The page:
On Friday The New York Times published our op-ed (written jointly with Tavneet Suri and Herbert M’cleod) on how implausible claims and misleading presentation of information has made the Ebola crisis worse than it needed to be. Much of the op-ed is based on our report joint with the the World Bank. In our survey we find little evidence of impacts on agriculture, but lots of evidence that household enterprises in urban areas have been hit.
Given our section on agriculture was cut from the op-ed, It is worth explaining in a bit more detail. On September 5th the FAO reported that more than 40 percent of farms in Kailahun were abandoned and raised alarm that planting might be disrupted because of a lack of planting materials. Some news outlets reported that 40 percent of all farms across the country had been abandoned. Ninety percent of farmers in Sierra Leone grow rice, and during September the rice crop is maturing in the fields (having been planted before the outbreak started). What, in this context, does “abandoned” mean? Farmers were not weeding their crop for fear of infection? And why was the FAO worried about lack of planting materials in September, given planting would not take place till late spring/early summer 2015? In our November survey many farmers reported that they had not yet harvested their rice crop (normally harvest starts in late September and early October, although it extends through December). The main reason given was that the rains were continuing. Virtually no one mentioned Ebola. The FAO report was influential in shaping the debate on economic impacts. It was mentioned in the Ministry of Finance and World Bank assessments of the economic impact of Ebola.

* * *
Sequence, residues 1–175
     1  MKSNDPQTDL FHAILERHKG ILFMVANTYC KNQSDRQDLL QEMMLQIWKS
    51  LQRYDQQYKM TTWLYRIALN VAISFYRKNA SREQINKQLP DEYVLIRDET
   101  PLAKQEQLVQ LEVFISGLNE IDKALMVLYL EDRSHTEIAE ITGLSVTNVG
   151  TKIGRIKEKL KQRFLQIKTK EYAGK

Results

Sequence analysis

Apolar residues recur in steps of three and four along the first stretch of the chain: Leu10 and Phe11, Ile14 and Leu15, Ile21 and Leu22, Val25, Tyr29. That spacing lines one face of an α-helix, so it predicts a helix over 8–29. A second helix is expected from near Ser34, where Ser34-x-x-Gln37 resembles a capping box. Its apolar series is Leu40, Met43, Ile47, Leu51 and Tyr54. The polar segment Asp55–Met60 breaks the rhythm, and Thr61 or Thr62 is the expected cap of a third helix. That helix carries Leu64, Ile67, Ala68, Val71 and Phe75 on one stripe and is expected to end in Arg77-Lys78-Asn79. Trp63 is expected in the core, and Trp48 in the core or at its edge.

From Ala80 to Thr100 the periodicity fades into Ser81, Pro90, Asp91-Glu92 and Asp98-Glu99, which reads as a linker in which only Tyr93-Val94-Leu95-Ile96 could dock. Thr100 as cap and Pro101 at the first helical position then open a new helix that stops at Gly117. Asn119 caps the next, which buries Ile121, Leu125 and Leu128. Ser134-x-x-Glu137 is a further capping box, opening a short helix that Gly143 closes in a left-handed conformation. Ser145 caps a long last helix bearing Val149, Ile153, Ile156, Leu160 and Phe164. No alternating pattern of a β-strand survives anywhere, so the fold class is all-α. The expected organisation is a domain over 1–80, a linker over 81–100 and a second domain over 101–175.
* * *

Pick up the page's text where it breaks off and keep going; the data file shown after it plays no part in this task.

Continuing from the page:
It may well be that the reported harvest is lower this year than before. Unfortunately we will probably never know exactly what the impact of Ebola was on agricultural output as it is hard, even in the best of times, to estimate agricultural production in a country where the vast majority of agricultural output is consumed by those who produce it. Our previous, survey- based estimates have been at sharp odds with official figures. But what seems clear is that household nonfarm businesses have been hit harder than agricultural production, yet the emphasis has been on the latter. Is that lack of attention because there is no ministry or agency that has the nonagricultural informal sector as their priority?
For those interested in data on Sierra Leone, the International Growth Center has a useful page of links to nationally representative surveys.